Who/what generates the dial tone?

When I pick up my office phone, I get a dial tone. I hit “9” to get an outside line, then after a brief silence, get another dial tone.

Does the dial tone come down the line from the phone co.'s switching station, etc.? Is there a separate tone being generated inside my office bldg. for intra-office calls?

The first dial tone you get is from your office phone system, or PBX. It is used for dialing internal numbers. Once you dial 9 the pbx knows you want an outside line, but doesn’t know which line to use. As you start to dial the number it looks at its routing tables and sees which “trunks” to use. These “trunks” are groups of outside lines. As soon as the pbx knows which trunk to use it queries the central office to see if they are available and then passes the call over to the co (central office). That is the standard way of configuring your system. You can also set it up so that 9 accesses one specific trunk group and in that case once 9 is dialed the dial tone is coming from the central offie. There are other methods to access one specific line which gives you direct co dialtone.

Basically the dialtone is coming from your pbx until the pbx has enough info to pass the call to the central office. After that it is central office generated. Also this is somewhat dependent on what type of system you have also. The older systems are more likely to be set up with the 9 as a direct access to a specific trunk, rather than using route patterns.

I apologize for being long winded here, however, this is right up my alley.

PBX/Voicemail Technical Support Engineer

Can a PBX system work if the company (or whatever) is located at more than one site, eg. our hospital has three geographically distinct sites (all in the same area code). Could we all be part of one big happy PBX family?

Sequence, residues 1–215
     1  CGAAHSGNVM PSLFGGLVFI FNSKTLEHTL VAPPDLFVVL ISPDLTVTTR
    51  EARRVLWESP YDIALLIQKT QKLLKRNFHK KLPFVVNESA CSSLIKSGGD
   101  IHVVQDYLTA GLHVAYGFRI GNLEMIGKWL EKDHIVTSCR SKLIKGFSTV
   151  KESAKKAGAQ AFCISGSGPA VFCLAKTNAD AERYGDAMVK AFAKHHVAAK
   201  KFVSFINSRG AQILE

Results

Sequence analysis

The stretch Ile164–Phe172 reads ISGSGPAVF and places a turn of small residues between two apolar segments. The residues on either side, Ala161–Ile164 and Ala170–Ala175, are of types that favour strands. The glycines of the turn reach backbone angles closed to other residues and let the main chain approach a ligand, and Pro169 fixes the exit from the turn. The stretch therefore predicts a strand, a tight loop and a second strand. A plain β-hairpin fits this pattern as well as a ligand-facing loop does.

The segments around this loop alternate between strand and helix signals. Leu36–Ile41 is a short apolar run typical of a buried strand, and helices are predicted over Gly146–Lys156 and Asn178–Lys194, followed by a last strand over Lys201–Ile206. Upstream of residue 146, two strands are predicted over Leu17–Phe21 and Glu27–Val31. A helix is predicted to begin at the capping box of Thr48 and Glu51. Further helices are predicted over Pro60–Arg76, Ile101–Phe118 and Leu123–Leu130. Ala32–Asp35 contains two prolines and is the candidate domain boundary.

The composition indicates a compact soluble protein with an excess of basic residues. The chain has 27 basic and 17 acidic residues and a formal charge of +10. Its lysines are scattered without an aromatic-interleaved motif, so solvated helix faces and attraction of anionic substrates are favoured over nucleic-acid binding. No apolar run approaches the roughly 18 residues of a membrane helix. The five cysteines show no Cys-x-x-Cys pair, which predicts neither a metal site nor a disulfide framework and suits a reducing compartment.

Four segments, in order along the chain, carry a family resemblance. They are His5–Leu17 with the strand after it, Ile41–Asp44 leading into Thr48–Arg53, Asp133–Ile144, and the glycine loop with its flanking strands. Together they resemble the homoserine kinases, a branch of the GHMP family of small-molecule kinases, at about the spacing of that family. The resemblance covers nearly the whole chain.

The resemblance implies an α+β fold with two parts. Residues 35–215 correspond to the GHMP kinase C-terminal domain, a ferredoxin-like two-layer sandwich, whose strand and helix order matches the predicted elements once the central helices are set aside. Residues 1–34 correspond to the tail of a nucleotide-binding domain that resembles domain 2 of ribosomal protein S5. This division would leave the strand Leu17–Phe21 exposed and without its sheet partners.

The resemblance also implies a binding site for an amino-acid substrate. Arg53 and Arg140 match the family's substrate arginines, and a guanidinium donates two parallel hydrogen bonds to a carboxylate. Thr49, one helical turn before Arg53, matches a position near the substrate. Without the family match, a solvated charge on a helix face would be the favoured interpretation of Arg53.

Where I work, the geographically distant sites are connected by tie-lines, and you have to dial a 3-digit prefix plus the person’s extension to dial them at another site. So it is possible, but I don’t know the details of how it works.

Yes, it can. Two different ways we did it:
[li]My old company moved to Alexandria, but needed to keep a small office in Arlington. The VP wanted the receptionist able to take calls and route them to employees at both sites. We bought 2 PBXs, one for each site. The main site was a bigger model and had the company’s voice mail unit. The satellite office had a smaller model PBX. They were tied together with TIE lines, leased lines that would seemingly act as direct wires (but with some programming exceptions).[/li]
The main office’s extensions went from 3001 to 3199; the satellite office had 3200-3299. The main PBX was programmed to route 32## extensions through the tie lines, sending a parameter of 2## (the local extension number). The small PBX would then connect the incoming TIE line call to extension 32##. It worked in reverse for the small office calling the main office.

Each office had a set of outside lines so as not to choke each other’s capacity, nor the TIE lines.